Evidence suggests a ban on PBDEs could save polar bears.

Muir says his study suggests bears can eventually break down PBDEs like people can, given a decade or so: older bears did not have more of the chemicals in them than younger ones, which would be the case if they couldn't get rid of them. As a result, Muir says, if we stop producing the chemicals, concentrations in the bears should fall.

Easier said than done, notes Derocher. "They are probably in the cushion I am sitting on, the carpet in your house, your curtains, clothes. They're everywhere." Large amounts of PBDEs will probably leak into the atmosphere for years to come, he says.

Still, a ban on PBDEs should work given enough time. The European Union banned them in 2004. Muir says Canada is planning to ban them in the near future, meaning manufacturers would have to use other chemicals to fireproof their products. The fact that the main U.S. producer of PBDEs has already replaced them with another product should help matters, he adds.

Muir says people should be careful when introducing new chemicals to the environment. "When you see something in polar bears it means (that thing) has survived a long journey through the Arctic. That's not a good thing, as that means it can accumulate in people much closer to home."

"The Inuit and the polar bear are like the canary in the coal mine," Loring says. "As their health goes, so does the rest of the world, and right now the polar bear is sending out warning signals."

Related Links

Opens in a new windowA study on PBDEs in polar bears [PDF]

Opens in a new windowThe International Joint Commission's report on PBDEs in humans [PDF]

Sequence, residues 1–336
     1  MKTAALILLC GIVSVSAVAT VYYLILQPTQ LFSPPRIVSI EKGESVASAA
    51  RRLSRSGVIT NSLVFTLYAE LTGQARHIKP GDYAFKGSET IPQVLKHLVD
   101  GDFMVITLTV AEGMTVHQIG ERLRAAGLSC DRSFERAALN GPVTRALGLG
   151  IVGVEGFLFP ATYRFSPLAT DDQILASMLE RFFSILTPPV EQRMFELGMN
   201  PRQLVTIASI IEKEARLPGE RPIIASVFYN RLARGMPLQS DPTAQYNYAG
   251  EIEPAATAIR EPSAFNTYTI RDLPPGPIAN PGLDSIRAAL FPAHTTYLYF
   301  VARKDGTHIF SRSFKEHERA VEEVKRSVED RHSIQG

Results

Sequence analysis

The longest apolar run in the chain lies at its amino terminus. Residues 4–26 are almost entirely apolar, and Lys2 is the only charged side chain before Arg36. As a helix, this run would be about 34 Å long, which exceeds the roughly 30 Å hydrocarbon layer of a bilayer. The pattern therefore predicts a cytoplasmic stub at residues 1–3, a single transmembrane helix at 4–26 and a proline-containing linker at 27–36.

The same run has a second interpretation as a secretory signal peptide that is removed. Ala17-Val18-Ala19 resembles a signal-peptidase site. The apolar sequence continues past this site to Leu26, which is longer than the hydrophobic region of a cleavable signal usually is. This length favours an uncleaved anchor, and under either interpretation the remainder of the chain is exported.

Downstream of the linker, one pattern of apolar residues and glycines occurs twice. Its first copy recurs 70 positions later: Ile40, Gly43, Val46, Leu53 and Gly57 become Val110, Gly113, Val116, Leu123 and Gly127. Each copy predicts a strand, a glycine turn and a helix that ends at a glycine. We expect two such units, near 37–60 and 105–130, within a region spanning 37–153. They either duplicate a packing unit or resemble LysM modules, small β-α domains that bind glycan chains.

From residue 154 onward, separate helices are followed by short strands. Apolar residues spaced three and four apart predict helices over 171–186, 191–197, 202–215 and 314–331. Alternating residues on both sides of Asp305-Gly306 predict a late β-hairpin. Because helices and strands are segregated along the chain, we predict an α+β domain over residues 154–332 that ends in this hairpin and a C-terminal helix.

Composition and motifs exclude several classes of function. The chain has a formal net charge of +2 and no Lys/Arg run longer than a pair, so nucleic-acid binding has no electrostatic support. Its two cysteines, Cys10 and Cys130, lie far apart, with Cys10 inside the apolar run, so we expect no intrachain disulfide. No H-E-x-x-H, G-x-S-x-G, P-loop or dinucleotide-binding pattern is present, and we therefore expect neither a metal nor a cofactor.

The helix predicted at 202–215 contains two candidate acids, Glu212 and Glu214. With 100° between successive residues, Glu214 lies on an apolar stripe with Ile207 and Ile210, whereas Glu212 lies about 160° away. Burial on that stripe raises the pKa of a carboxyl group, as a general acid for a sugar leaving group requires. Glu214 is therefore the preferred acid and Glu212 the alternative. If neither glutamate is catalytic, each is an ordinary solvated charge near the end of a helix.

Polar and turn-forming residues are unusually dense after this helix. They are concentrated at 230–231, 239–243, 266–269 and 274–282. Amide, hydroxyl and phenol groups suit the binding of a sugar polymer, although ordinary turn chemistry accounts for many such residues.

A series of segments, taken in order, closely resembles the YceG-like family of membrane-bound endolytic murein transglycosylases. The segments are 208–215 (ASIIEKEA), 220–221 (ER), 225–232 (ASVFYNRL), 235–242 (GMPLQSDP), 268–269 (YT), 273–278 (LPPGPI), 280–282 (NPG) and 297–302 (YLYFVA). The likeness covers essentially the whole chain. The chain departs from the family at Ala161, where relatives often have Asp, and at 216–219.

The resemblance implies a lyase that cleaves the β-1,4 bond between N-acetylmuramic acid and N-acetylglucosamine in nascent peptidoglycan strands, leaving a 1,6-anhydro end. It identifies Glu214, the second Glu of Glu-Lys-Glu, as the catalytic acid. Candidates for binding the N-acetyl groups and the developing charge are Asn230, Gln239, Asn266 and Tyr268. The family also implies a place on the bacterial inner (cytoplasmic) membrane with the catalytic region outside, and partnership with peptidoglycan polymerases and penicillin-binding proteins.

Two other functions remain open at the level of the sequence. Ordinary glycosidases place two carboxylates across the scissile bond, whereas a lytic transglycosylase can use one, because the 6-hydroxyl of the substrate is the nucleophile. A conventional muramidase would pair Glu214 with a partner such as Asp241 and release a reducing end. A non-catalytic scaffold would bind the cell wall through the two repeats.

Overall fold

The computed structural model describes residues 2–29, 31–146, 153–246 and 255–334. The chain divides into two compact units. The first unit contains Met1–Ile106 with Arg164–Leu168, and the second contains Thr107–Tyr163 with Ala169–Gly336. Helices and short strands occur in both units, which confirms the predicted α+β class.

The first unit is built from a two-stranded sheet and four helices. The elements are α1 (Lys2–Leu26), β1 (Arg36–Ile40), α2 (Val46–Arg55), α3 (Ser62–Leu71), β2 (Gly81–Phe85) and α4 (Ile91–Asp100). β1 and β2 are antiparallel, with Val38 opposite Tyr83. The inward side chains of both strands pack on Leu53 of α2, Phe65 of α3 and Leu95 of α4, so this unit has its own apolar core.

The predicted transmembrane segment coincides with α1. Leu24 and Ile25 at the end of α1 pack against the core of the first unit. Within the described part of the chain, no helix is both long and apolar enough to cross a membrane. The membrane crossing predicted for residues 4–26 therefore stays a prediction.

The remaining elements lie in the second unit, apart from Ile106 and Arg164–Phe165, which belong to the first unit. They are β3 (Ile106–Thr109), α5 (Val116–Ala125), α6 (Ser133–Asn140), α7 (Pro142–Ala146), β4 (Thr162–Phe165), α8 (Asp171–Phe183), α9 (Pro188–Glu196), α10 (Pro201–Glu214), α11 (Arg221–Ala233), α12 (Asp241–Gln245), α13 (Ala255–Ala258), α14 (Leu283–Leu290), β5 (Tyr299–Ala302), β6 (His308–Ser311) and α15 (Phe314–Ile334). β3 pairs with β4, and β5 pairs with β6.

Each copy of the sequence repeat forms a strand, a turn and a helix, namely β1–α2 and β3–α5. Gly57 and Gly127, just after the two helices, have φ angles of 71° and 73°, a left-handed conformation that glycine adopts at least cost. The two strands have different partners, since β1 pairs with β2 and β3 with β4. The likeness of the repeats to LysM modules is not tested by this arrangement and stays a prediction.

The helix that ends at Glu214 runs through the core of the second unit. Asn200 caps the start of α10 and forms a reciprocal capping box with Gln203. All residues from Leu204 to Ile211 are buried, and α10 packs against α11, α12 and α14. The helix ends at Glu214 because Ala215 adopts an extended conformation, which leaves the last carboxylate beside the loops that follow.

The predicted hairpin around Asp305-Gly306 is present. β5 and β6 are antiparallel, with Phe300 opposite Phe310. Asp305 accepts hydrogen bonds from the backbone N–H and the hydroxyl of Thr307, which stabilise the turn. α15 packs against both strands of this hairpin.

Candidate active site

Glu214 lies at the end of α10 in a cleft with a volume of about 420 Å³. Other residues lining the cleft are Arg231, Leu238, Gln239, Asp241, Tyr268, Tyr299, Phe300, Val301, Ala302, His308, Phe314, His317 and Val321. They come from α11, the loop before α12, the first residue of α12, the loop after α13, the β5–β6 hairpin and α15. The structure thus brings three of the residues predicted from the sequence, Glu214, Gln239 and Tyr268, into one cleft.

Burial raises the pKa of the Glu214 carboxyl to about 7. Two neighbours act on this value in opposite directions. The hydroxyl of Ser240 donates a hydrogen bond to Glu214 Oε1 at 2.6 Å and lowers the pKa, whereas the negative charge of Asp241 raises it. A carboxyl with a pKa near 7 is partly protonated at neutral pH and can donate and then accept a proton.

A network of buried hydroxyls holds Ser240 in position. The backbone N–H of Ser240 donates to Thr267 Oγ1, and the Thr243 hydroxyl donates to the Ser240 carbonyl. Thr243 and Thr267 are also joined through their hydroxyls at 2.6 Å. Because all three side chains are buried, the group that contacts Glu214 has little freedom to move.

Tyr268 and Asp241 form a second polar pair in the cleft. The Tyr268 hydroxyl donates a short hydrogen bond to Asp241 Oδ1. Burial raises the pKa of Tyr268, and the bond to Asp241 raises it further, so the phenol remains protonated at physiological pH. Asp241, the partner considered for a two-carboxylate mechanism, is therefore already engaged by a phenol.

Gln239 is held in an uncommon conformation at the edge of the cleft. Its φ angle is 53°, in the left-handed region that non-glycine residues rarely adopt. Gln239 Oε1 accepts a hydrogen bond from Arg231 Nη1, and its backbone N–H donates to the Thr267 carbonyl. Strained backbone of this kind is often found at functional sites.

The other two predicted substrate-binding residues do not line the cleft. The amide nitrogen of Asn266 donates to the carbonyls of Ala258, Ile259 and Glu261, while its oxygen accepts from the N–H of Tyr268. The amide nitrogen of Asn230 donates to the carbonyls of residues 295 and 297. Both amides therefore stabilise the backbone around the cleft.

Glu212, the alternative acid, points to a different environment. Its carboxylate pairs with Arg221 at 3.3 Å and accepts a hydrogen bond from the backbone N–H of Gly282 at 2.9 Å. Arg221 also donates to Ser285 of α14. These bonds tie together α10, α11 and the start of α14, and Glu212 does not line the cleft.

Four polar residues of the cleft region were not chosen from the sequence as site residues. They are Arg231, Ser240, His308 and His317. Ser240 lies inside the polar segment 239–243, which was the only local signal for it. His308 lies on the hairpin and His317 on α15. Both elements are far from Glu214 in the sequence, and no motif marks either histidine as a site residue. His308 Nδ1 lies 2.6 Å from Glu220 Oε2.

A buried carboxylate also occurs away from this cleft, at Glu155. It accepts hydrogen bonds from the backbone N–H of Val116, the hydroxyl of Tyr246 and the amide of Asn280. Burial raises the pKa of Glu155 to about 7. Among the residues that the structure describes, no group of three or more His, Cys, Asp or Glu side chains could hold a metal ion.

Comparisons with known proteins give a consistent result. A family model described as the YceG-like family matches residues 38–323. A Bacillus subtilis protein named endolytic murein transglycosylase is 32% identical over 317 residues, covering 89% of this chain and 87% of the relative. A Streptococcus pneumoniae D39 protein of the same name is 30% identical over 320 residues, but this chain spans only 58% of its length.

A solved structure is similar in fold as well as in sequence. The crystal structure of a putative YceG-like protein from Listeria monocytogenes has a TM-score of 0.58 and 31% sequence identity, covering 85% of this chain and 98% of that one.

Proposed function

Opens in a new windowThe Department of Indian and Northern Affairs report on contaminants in the North [PDF]

Opens in a new windowInformation on polar bears from the Polar Bear Specialist Group

The bear facts

Ursus maritimus, or "bear of the sea," are the largest land-dwelling carnivores in the world. They have white fur, brown eyes, and black claws, tongues and skin. They moult once a year during the summer.

Polar bears eat mostly seals, and prefer to eat their fat, since they need it for energy and insulation.

There are about 21,500 to 25,000 bears in world, and about 15,000 in Canada.

Source: Environment Canada, IUCN Polar Bear Specialist Group

How heavy is "heavy"?

Physically, not very, according to Derek Muir's study of polar bears: the highest concentration of PBDEs found in bears was about 100 parts per billion, equivalent to about a drop of water in a swimming pool.

Source: Derek Muir, Environment Canada


Inuit Tapiriit Kanatami

Established in 1971, ITK represents Canada's Inuit on a federal and international level. Its name means, "Inuit are united in Canada."

Source: ITK website

Contaminants in the North

A 2003 study by the federal government found potentially dangerous levels of mercury and PCBs in the Inuit.

Scientists are still studying the effects of these pollutants on humans, but aren't advising Arctic residents to cut back on traditional foods; the foods contain nutrients that may actually counteract the effects of these pollutants.

Source: Northern Contaminants Program, Indian and Northern Affairs Canada

Global warming

Scientists say global warming is the biggest threat to the polar bear's survival.

Bear populations around Hudson's Bay are declining because ice floes are breaking up three weeks earlier than they did in the 1970s, cutting into the bears' feeding time. Less food means less energy for reproduction and fewer bears.

The International Union for the Conservation of Nature predicts 30 to 40 per cent of the world's polar bears will be gone in 40 years because of global warming.

Source: Andrew Derocher, University of Alberta